(Note: The antenna needed to be suspended from both ends so that it was horizontal.
The Yeoman Rose, only having a foremast, had to be fitted with a tower near
the bridge to support the other end of the antenna. The Rose's original mast
also had to be 'extended' to match the height of the tower. Ed.)
By the time I arrived to join the ship, it was only four days before the scheduled sailing. The tower that I had found earlier in the year for us to use, lay on the quayside at Queenborough. The ship's owner had organised generators, extra water supplies, crew and fuelling of the Yeoman Rose. The ship's sides were being painted black. (Ray Anderson and Chris Elliot subsequently painted RADIO LONDON 266 in huge white letters on the port side of the ship, by standing in a dinghy! Only lack of time stopped them doing both sides. Anoraks through and through! Ed.)
Caravans from a local site had been purchased and were due to arrive later that day. These were to be lowered into the hold and used as on-board accommodation. A local chandlery supplied the nylon rigging for the tower. Normally steel ropes and insulators would be used, but I took the decision that for only 28 days, man-made ropes would be cheaper and easier. (How right I was!)
By 4.30 in the afternoon, the telescopic tower was hanging from a massive crane only inches from the deck. With the tower welded to the deck and with the help of Paul and Les, (the other radio engineers), the tower was winched skywards. We started work with the basic antenna structure. In the beginning, all that was required was to elevate the basic bits of hardware and leave them to stretch overnight. The ship's foremast needed to be extended by some nine metres. This, however, posed no problem to Phil, (one of the skippers). He used a pulley at the top to hold the antenna supporting-rope and eyes to take the extra rigging. Now it was possible to erect the whole antenna to its full height.
Various tests were carried out, as well as many modifications! A good quantity of inch-wide by about one-sixteenth-thick lightning conductor formed the ground-plane which was to dangle over the side and extend like six 'tentacles'.
Technically, the aerial was limited (by the rules of the RSL) to a single vertical radiator of a maximum length of ten metres. This posed a problem, as the theoretical correct height to operate at the frequency of 1134 kHz (266 metres) should be in the region of sixty-six metres! Essentially what was used was the previously-mentioned ten-metre vertical, at the top of which was fixed a large coil as top-loading, suspended below four parallel horizontal wires to act as a capacity hat. At the bottom of the vertical radiator was another coil and capacitor network to match to the low-impedance feed cable from the transmitter in the hold. Another legal requirement was, naturally, the power output. Our restriction was only 1 Watt ERP (effective radiated power)! With such a small aerial the efficiency would naturally be low.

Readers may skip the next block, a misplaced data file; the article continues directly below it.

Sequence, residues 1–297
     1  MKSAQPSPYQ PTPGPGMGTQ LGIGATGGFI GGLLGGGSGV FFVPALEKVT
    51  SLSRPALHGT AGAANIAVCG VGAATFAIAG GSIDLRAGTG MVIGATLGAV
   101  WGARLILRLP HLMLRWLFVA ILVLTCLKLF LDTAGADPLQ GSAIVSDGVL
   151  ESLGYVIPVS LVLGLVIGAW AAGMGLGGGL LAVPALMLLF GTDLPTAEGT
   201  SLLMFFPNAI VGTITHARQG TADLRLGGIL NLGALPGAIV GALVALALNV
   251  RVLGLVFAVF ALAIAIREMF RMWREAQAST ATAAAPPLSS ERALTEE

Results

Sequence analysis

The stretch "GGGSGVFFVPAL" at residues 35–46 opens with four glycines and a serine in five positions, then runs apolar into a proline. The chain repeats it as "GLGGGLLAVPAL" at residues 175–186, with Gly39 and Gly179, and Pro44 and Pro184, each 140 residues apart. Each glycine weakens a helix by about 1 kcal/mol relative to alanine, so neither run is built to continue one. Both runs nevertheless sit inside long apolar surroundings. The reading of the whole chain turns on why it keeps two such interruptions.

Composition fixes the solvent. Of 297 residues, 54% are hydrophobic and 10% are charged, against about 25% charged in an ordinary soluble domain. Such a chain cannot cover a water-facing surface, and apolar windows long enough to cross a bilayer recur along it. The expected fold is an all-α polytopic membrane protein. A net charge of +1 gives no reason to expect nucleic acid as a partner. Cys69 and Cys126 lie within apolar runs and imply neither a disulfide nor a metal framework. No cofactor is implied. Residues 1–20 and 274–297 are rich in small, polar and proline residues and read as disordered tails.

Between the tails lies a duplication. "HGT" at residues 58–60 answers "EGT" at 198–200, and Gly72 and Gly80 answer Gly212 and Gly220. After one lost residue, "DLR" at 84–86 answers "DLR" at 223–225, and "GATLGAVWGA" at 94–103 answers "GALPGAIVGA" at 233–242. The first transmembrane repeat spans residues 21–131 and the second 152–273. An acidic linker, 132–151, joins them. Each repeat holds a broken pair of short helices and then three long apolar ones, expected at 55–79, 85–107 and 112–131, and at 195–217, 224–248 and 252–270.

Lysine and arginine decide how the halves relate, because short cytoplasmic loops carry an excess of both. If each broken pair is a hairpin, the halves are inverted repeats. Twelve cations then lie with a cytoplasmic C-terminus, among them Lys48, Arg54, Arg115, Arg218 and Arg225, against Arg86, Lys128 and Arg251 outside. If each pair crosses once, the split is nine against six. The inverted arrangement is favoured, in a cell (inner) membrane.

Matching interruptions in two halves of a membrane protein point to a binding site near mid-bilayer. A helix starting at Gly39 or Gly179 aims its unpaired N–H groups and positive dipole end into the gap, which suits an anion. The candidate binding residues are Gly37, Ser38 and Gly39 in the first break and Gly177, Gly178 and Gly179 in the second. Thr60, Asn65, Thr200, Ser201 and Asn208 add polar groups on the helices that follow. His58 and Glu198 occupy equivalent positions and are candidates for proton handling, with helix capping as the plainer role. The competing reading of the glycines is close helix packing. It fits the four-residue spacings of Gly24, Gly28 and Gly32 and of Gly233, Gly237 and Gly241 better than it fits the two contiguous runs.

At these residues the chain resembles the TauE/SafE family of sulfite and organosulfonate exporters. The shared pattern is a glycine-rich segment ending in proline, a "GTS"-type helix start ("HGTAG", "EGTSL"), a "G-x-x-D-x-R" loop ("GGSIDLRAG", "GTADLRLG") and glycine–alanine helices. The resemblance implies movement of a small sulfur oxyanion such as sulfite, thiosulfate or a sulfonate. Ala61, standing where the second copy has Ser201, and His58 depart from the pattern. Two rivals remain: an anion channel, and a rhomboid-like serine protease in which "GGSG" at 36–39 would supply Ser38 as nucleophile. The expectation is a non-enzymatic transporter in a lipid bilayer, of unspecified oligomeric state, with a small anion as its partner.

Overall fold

Activities were also taking place in one of the ship's cabins. In what was
in fact the Skipper's, Ray and Les carefully demolished the internal furniture
with the exception of the bunk. The entire on-air studio was built in one day,
which included installing custom furniture and the majority of the technical
The hired generator (a three-cylinder air-cooled Lister) was craned on board. Paul set to running-in power to all the technical areas. Safety lighting in the hold soon followed. A standby generator was also hauled aboard. This was a two-cylinder version of the main generator, although very much older. What seemed to be an endless supply of 45-gallon oil drums were loaded for the generator's fuel.
The Yeoman Rose first lay at anchor one mile offshore and three-quarters of a mile down from the pier end. (This position was later changed to half a mile off both the beach and pier to make things safer for the tender). Programmes were scheduled virtually from the beginning of the licence, therefore time was extremely limited for transmitter tests into this strange 'miniature aerial'. The final construction was not a perfect match. The transmitter we had intended to use had protection devices that were too sensitive, with the result that it shut down to protect itself. Les luckily had his standby transmitter on board. This transmitter was far more tolerant and as all who heard Radio London will know, it put out a brilliant signal without failure for the entire twenty-eight days' broadcast.
Several attempts were made overnight to improve the aerial set-up, but the limited daylight during the transmitter down time (after 2 am and back on air before the first show of the day at 6 am) defeated us.